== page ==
Skip to content

Unraveling the Science Behind THC: Understanding Its Short and Long Term Effects

  • by

Tetrahydrocannabinol, commonly known as THC, is the primary psychoactive compound found in Cannabis sativa (marijuana) plants. It’s responsible for producing the mind-altering effects that have made marijuana one of the most widely used illicit substances worldwide. In recent years, research into cannabis and its active components has gained momentum due to shifting public attitudes towards drug policy reform, leading to an increase in scientific interest in this area. This article will explore the history, science, and current state of knowledge regarding THC.

History of THC
The use of Cannabis sativa dates back thousands of years; ancient Chinese texts dating from around 2737 BCE make reference to it as a medicinal herb. The plant was also used by various cultures throughout Asia, Africa, and Europe over time. However, recreational usage did not become widespread until the 20th century, primarily due to prohibition laws introduced during the early half of the century. These restrictions led to a decrease in scientific study of cannabis as researchers became more hesitant about examining controlled substances under legal scrutiny.

It wasn’t until the mid-1960s when scientists began studying THC in detail. Raphael Mechoulam, a chemist at Hebrew University in Jerusalem, isolated THC from hashish samples in 1964. Subsequently, his team synthesized pure THC in 1965, paving the way for further investigation. Their discovery sparked intense curiosity among medical professionals, prompting them to investigate the therapeutic potential of THC for treating various conditions such as nausea caused by cancer chemotherapy or glaucoma-induced eye pressure.

Science behind THC
THC produces its psychological and physiological effects by interacting with specific receptors in our bodies called cannabinoid receptors. Our body naturally produces endocannabinoids which bind to these receptors, helping regulate many functions such as mood, memory, appetite, sleep, pain sensation, and immune system response. Exogenous cannabinoids like THC mimic these natural endocannabinoids but are much stronger. They activate the same receptors, causing a range of altered states depending upon dosage levels.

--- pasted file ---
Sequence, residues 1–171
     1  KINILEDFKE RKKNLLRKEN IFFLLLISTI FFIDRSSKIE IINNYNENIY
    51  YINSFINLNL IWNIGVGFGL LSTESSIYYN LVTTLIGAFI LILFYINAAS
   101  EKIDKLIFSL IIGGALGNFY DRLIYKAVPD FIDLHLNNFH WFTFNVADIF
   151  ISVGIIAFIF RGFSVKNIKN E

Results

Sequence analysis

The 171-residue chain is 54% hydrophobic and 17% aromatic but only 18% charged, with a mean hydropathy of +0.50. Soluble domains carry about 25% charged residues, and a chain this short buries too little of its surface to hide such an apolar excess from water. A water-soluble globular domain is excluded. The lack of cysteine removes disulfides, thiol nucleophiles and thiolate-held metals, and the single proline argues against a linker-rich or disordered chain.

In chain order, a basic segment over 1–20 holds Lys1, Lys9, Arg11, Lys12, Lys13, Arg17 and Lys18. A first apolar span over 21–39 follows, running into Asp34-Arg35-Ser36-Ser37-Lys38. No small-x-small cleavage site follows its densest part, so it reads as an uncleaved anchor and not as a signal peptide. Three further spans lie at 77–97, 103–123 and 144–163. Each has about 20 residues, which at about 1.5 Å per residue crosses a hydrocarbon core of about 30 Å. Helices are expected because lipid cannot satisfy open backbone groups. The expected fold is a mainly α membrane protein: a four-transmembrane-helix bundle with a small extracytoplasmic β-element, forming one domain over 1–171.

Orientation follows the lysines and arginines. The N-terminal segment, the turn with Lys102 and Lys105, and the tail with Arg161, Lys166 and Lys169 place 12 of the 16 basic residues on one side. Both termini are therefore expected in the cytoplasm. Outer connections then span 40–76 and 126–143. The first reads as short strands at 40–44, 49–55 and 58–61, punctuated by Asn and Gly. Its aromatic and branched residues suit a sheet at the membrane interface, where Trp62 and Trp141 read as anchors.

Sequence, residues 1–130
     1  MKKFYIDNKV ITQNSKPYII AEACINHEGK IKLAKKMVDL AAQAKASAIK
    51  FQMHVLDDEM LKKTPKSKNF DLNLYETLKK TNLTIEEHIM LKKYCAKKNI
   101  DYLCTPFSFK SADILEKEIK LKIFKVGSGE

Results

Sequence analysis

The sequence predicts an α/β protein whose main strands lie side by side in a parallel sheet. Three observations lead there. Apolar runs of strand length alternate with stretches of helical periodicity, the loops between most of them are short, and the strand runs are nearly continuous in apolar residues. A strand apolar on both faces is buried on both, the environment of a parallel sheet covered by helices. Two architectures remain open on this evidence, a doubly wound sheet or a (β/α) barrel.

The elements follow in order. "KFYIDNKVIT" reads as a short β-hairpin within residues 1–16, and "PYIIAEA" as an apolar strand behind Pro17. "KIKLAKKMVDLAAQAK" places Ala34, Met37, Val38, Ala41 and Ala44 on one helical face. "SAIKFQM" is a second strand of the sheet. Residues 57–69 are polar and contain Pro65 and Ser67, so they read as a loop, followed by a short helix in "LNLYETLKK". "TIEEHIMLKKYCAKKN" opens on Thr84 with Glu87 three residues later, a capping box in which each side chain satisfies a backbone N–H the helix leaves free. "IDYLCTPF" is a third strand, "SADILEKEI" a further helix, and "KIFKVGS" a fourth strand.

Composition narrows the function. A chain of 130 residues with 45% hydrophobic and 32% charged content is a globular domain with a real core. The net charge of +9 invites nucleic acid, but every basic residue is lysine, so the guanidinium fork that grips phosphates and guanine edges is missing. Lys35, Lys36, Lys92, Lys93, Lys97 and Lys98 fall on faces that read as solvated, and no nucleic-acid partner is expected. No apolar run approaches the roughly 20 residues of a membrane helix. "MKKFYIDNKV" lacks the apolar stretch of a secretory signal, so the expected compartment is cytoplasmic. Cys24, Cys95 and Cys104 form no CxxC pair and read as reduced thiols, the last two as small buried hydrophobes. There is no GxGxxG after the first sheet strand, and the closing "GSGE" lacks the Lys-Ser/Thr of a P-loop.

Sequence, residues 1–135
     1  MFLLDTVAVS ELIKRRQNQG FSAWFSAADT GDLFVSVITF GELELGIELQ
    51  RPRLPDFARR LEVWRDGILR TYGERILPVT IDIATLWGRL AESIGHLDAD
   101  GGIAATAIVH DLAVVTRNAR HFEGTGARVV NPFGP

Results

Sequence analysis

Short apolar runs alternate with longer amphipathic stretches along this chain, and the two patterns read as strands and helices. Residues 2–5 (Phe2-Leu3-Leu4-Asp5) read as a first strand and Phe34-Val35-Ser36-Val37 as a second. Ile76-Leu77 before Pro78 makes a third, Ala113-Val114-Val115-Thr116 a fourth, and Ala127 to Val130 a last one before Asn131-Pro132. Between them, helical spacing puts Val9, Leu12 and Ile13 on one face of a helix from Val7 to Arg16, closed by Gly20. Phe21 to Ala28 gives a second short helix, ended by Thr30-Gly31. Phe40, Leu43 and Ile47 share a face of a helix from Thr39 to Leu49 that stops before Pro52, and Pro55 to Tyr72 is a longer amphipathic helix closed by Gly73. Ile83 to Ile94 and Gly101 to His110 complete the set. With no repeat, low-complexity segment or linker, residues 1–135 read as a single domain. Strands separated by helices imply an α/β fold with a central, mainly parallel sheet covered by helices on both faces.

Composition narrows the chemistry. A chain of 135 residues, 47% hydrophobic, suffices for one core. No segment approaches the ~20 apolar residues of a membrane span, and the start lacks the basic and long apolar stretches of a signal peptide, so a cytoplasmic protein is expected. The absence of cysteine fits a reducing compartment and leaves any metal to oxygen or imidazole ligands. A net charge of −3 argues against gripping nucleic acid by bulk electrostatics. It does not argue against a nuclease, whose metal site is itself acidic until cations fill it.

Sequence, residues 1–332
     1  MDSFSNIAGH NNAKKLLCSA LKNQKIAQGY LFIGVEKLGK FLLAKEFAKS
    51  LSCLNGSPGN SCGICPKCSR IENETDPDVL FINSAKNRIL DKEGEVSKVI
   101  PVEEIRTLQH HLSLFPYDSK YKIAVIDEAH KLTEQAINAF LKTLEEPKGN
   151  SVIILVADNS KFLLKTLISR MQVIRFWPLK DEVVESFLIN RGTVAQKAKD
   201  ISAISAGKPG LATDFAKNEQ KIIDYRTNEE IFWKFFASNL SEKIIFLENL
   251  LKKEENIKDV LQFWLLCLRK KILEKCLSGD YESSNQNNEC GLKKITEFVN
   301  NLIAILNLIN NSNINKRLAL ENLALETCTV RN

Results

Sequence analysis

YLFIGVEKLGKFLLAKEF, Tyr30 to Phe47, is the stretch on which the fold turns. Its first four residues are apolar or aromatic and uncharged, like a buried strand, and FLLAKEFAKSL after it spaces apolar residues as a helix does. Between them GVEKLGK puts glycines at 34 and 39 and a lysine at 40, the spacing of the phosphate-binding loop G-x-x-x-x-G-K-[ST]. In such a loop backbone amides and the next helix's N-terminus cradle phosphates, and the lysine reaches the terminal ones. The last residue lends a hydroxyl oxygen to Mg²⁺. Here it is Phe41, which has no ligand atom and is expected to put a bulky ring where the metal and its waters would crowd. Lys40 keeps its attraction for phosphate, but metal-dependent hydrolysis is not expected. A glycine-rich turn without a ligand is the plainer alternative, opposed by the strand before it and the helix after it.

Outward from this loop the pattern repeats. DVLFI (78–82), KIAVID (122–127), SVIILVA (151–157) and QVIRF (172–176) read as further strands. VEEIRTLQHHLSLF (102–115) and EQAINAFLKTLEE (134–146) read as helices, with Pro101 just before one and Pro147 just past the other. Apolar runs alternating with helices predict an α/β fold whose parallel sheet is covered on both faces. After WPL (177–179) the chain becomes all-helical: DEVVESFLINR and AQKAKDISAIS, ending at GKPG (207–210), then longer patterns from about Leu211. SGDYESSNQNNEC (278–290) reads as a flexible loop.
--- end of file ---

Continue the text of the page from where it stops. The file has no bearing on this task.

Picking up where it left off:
There are two main types of cannabinoid receptors: CB1 and CB2. Most CB1 receptors are located in the brain and central nervous system, while CB2 receptors are predominantly present in the peripheral nervous system and immune cells. When THC enters the bloodstream through smoking, vaping, ingestion, or other means, it rapidly diffuses across cell membranes and reaches the brain within seconds via the circulatory system. Once there, THC attaches itself to CB1 receptors, initiating signaling cascades that produce both immediate and long-term effects.

Short Term Effects
Initially, THC causes feelings of euphoria, relaxation, and pleasure. Users often report heightened senses, increased sensuality, enhanced music appreciation, and improved creativity. There may be some cognitive impairment initially, including short-term memory loss, slowed thinking, and distorted perception. Other side effects include dry mouth, red eyes, and mild anxiety. Higher doses can lead to paranoia, confusion, hallucinations, and psychosis.

Long term Effects
Despite being metabolized relatively quickly – within hours after consumption – THC can produce longer-lasting consequences if consumed frequently. Chronic users may experience tolerance, dependence, withdrawal symptoms, decreased motivation, and worsening mental health issues such as depression and anxiety disorders. Prolonged exposure could potentially result in respiratory problems and cardiovascular risks due to combustible smoke inhalation. Some studies suggest possible links between chronic marijuana use and lower IQ scores and increased risk of developing schizophrenia.

Legal Status & Debates
Marijuana remains classified as a Schedule I substance by the United States Drug Enforcement Administration (DEA), meaning that it’s considered a dangerous drug with no accepted medical uses and high abuse potential. Although, several US states and countries such as Canada, Uruguay, and Spain have already implemented policies permitting adult-use marijuana, prescribed cannabis for medical purposes, or decriminalization measures for personal amounts. These moves were driven mainly by changing public opinions and empirical evidence supporting the efficacy of THC for particular conditions.

However, critics argue that we need more conclusive clinical trials before making any major policy changes since the existing data might be skewed by small sample sizes, lack of placebo control groups, confounding variables, and varying definitions of “medical” vs. “non-medical” use. Furthermore, they contend that marijuana is still a psychoactive drug, which alters cognition and behavior, and thus should remain subject to regulation just like alcohol or nicotine products.

In summary, THC is a potent chemical compound found exclusively in Cannabis Sativa, which creates its characteristic psychoactive effects by binding to cannabinoid receptors in the human body. While its legal status remains contentious, ongoing research continues to provide insights into its pharmacology, toxicology, and potential therapeutic applications, indicating that THC merits continued exploration as part of future cannabinoid therapy development efforts.